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Embracing the Dawn vs. Dancing in the Midnight

Author: Hanni Yang

Editors: Junyu Zheng, Flynn Ma

Artist: Alvina Zheng

Have you ever stayed up at night, buzzing with energy and not wanting to sleep? Although a universal necessity, people approach and handle sleep differently. The rhythm of life is punctuated by the ebbs and flows of our sleep-wake cycles, which are determined by our internal body clocks called circadian rhythms. However, everyone carries their own rhythm regarding sleep patterns. Some people are night owls who thrive in the late hours of the evening, while others are early birds and greet the dawn with energy and enthusiasm. So, with such a stark contrast in habits between these two groups, what factors contribute to these chronotype differences?

At the heart of our sleep-wake preferences lie genetic predispositions. According to Doctor David A. Kalmbach’s research, the experiments indicate that certain genes influence our internal body clocks, shaping our circadian rhythms. Key genes such as Brain and Muscle ARNT-like proteins (BMAL1 and BMAL2), period (PER1, PER2, and PER3), Neuronal Pas Domain Protein (NPAS1 and NPAS2), and the Cryptochrome (CRY1 and CRY2) play crucial roles in maintaining and regulating these rhythms. Variations in these genes may lead to differences in when individuals feel most alert and energetic; for some, the evening is their playground, while for others, the morning holds endless possibilities.

Circadian rhythms, often called our internal biological clocks, orchestrate a symphony of physiological processes over a 24-hour cycle. These rhythms are controlled by complex biological mechanisms that regulate our sleep-wake patterns, hormone secretion, body temperature, and other important functions. Light, especially natural light, plays a key role in synchronizing our circadian rhythms, signaling to our bodies when it’s time to wake up and when it’s time to rest. Exposure to bright light, especially in the morning, helps calibrate our body clock and encourages us to stay awake, which is why those who soak up the morning sun may find themselves naturally inclined to rise with the dawn, while others exposed to sunlight later in the day may linger around dusk. However, our modern lifestyles, coupled with artificial lighting and irregular sleep schedules, can sometimes disrupt this delicate balance, leading to sleep disorders and health problems. The use of electronic devices emit blue light, which delays the release of melatonin, a hormone that promotes sleep. Exposure to this artificial light, especially before bed, can trick our brains into thinking it’s still daytime, making it harder for individuals to fall asleep. Additionally, shift work and irregular working hours can alter natural sleep patterns, leading to chronic sleep deprivation and increased risk of health problems such as cardiovascular disease, diabetes, etc. Night owls exhibit a delayed circadian rhythm, finding themselves most awake during later hours. In contrast, early birds have advanced circadian rhythms and feel most energetic during the morning sunlight. Understanding and respecting our circadian rhythms is essential for our optimal health and well-being.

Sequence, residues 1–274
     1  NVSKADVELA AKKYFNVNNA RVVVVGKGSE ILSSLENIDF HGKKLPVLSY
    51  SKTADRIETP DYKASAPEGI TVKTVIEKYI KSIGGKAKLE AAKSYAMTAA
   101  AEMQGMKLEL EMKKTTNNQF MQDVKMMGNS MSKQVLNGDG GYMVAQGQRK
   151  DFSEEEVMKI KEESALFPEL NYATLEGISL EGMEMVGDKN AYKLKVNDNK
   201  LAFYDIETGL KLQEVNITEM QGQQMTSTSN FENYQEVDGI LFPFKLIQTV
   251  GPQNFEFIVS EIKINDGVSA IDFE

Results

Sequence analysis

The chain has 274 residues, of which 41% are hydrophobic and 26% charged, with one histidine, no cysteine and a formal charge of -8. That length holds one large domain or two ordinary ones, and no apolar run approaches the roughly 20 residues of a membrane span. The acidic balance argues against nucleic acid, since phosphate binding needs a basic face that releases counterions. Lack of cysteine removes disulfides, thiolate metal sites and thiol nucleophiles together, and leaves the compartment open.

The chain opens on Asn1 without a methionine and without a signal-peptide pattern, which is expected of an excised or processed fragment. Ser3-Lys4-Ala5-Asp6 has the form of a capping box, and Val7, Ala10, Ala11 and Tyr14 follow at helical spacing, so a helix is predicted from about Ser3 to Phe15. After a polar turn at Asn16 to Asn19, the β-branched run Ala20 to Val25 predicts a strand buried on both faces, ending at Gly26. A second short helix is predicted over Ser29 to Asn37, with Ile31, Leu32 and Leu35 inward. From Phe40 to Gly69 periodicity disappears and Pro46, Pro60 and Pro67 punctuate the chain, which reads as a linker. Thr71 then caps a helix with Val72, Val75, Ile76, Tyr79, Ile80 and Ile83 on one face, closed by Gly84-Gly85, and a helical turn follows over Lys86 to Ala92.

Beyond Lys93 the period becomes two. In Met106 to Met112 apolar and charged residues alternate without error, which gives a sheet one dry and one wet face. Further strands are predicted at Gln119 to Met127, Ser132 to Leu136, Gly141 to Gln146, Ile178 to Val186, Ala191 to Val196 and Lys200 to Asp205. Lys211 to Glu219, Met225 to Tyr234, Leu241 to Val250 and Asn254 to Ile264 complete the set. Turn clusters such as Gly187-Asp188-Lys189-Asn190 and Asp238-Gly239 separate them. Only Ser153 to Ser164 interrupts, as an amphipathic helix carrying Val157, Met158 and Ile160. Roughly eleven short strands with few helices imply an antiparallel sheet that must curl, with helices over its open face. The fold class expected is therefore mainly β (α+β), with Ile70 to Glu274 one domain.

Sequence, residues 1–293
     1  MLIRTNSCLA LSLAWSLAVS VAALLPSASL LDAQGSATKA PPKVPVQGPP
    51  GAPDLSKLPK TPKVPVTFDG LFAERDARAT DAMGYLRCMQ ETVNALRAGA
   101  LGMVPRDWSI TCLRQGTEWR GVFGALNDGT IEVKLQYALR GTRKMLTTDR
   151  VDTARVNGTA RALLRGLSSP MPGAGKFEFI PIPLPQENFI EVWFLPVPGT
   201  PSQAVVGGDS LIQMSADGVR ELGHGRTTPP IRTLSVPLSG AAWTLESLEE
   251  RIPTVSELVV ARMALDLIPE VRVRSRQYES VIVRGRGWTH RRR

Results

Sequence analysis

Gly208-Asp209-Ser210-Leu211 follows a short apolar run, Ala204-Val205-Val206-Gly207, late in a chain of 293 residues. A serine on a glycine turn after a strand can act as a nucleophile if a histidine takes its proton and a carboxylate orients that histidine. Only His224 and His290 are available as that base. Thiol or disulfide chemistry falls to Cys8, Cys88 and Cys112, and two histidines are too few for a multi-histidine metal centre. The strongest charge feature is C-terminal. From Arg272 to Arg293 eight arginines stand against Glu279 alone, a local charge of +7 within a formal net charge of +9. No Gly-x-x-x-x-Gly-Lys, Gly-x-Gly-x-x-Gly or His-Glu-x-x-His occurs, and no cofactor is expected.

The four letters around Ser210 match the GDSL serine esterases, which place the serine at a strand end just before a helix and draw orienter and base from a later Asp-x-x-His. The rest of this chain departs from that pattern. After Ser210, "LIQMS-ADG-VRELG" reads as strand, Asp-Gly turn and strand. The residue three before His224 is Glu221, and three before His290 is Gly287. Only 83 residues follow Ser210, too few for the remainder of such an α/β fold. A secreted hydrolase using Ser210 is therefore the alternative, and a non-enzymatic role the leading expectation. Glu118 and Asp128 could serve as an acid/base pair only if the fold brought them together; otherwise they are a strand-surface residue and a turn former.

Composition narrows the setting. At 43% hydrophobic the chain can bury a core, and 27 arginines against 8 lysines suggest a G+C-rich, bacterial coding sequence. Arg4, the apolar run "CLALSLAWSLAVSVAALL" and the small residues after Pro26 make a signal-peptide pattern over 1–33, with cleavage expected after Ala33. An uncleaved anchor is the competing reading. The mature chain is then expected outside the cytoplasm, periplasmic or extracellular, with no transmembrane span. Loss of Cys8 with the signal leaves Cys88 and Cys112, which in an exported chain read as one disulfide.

Sleep patterns are not just determined by biological factors; they are also influenced by social and lifestyle factors that change over time. Our responsibilities, work schedules, and social activities shape our sleep habits for potentially our entire lives. These external factors, while influential, are not set in stone, as they can be adjusted and managed to improve our sleep quality. For example, a demanding job that requires late-night shifts can make someone a night owl, while a job that wakes up early can make them an early bird. Additionally, sleep preferences can change significantly with age. Teenagers are known for their tendency to stay up late, though as they enter adulthood, they often experience a shift to earlier bedtime and wake-up times. Likewise, older adults may wake earlier due to changes in circadian rhythms and sleep structure. Thus, the interplay between social demands, lifestyle choices, and the aging process leads to dynamic changes in our sleep patterns.

Our sleep patterns are much more complicated than we give them credit for. As we currently understand, they are determined by the multifaceted interplay of genetic predispositions, circadian rhythms, and social and lifestyle factors that evolve throughout our lives. While genetic influences lay the foundation for our natural tendency to be night owls or early birds, environmental factors such as exposure to light, social expectations, and personal commitments further shape our sleep-wake preferences. Moreover, as we move through different stages of life, our responsibilities, work schedules, and social activities have a large say in our sleep habits. Understanding these complex dynamics and recognizing the importance of respecting our circadian rhythms allows us to make informed choices that promote better sleep quality and overall health and well-being across the lifespan.

 

Citations:

Brown, Ritchie Edward. “Chronotype, circadian rhythm, and psychiatric disorders: Recent

evidence and potential mechanisms.” NCBI, 10 August 2022,

“Genetic Basis of Chronotype in Humans: Insights From Three Landmark GWAS.” NCBI,

Kamprad, Dennis. “How Does Your Circadian Rhythm Change As You Age (And Why?) –

Accessed 1 May 2024.

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